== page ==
Via Financial Times

Investors fled UK property funds at the tail-end of the week faster than at any point this year as concerns brew over a repeat of the crisis that engulfed the sector following the EU referendum.

Almost £57m was pulled from property funds on Thursday, the worst day all year for real estate fund outflows, according to Calastone, a global funds transaction network. The redemptions came after M&G, the UK asset manager, announced it was halting trading in its £2.5bn real estate product.

The large-scale redemptions on Thursday are the clearest sign yet that rival property funds are suffering in the wake of M&G’s decision to gate its fund on Wednesday. The outflows echo 2016 when investors, anxious about the outcome of the Brexit vote, quickly pulled cash over fears they could be locked in their investments, spurring a domino effect of property fund suspensions.

Edward Glyn, head of global markets at Calastone, said that “fears of further fund suspensions have spooked investors in property funds” this week. 

“Investor reaction is understandable though counterproductive as it may result in a self-fulfilling prophecy [of funds being forced to close].” 

He added: “Investors should be mindful that property is a long-term investment, and buildings are not ATMs dispensing cash. If you think you need rapid access to your savings, there may be other, more suitable savings products you should consider first.”

According to figures from Morningstar, the data provider, investors have pulled more than £1.5bn from open-ended UK property funds in the year to date, more than in the whole of 2016.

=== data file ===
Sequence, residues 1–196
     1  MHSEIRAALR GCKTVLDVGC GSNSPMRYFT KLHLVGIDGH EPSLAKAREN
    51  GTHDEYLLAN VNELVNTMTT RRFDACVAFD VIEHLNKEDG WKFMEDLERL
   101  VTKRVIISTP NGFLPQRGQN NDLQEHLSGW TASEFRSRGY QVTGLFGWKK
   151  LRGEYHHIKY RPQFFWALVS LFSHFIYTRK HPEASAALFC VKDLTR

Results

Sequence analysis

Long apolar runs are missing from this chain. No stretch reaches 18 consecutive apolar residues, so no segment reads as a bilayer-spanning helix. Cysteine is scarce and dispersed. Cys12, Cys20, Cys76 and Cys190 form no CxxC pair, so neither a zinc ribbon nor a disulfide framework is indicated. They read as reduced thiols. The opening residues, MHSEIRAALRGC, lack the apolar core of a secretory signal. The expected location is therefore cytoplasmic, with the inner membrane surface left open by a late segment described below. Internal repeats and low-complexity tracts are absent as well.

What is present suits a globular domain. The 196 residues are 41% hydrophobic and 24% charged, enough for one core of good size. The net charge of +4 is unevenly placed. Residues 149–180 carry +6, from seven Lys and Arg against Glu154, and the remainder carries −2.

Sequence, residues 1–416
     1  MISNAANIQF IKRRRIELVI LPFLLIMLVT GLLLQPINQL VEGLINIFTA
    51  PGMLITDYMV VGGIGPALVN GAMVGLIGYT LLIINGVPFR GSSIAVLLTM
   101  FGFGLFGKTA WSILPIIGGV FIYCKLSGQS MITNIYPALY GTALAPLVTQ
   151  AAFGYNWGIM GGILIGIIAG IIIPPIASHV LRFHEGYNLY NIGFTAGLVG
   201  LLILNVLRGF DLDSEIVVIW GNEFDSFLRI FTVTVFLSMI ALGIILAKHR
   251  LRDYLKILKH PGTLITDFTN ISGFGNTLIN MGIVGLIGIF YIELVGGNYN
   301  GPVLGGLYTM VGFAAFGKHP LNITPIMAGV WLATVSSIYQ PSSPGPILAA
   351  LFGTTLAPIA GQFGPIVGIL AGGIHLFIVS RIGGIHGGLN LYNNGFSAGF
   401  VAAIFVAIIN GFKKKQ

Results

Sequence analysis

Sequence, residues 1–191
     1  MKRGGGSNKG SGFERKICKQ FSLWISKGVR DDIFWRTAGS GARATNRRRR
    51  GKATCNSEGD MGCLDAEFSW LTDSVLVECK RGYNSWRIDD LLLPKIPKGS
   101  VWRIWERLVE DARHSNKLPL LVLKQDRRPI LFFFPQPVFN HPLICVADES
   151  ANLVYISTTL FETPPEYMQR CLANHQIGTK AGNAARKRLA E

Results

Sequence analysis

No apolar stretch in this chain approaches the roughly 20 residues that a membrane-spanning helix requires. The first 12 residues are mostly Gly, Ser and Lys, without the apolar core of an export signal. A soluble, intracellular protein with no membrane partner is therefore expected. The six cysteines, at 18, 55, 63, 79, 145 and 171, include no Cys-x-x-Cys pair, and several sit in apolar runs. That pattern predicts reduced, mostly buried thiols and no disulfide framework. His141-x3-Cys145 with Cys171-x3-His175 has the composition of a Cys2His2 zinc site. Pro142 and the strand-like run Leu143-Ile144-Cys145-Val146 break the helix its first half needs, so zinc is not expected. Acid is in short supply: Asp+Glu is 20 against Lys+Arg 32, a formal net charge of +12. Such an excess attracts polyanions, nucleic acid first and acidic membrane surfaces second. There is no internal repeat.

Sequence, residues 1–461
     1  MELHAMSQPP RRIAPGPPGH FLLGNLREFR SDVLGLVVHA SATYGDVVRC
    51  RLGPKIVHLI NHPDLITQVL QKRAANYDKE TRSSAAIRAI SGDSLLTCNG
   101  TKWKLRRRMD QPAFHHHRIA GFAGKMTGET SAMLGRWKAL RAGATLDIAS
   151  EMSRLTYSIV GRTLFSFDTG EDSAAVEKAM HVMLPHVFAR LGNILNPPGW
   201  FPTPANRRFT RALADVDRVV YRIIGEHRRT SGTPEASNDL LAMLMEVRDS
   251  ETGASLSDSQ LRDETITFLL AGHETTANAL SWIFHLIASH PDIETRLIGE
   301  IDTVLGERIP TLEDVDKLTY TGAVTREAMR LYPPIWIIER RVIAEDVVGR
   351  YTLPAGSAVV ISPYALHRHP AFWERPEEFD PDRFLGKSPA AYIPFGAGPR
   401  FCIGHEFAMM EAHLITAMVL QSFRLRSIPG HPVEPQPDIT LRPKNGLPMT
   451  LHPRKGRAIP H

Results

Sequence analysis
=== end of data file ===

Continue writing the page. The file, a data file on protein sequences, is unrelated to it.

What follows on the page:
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Edward Park, deputy chief investment officer of Brooks Macdonald, a wealth manager, said that unlike in 2016, there was no clear catalyst for the wave of redemptions in property funds this year.

Mr Park said Brooks Macdonald sold out of open-ended property funds in 2016 over concerns about a liquidity mismatch. Such funds allow investors to redeem cash daily, despite holding assets that can take months and years to sell.

“There is a fundamental mismatch between bricks and mortar, and offering daily dealing,” said Mr Park. “If gating becomes more rife, I think the regulator will feel that it has to act.”

According to research from February 2019 from Fitch Ratings, average liquidity levels in UK commercial real estate funds had not materially increased since mid-2016. But some funds, including a large product from Standard Life Aberdeen, held more than 10 per cent in cash at the end of November.

Fitch Ratings said: “We expect increased focus from investors on fund liquidity positions, including cash on hand and readily marketable securities, such as government bonds.”

Outflows from property funds accelerated in November, with £251m in redemptions, up from £208m in October, according to figures from Calastone. The sector has had 14 consecutive months of outflows.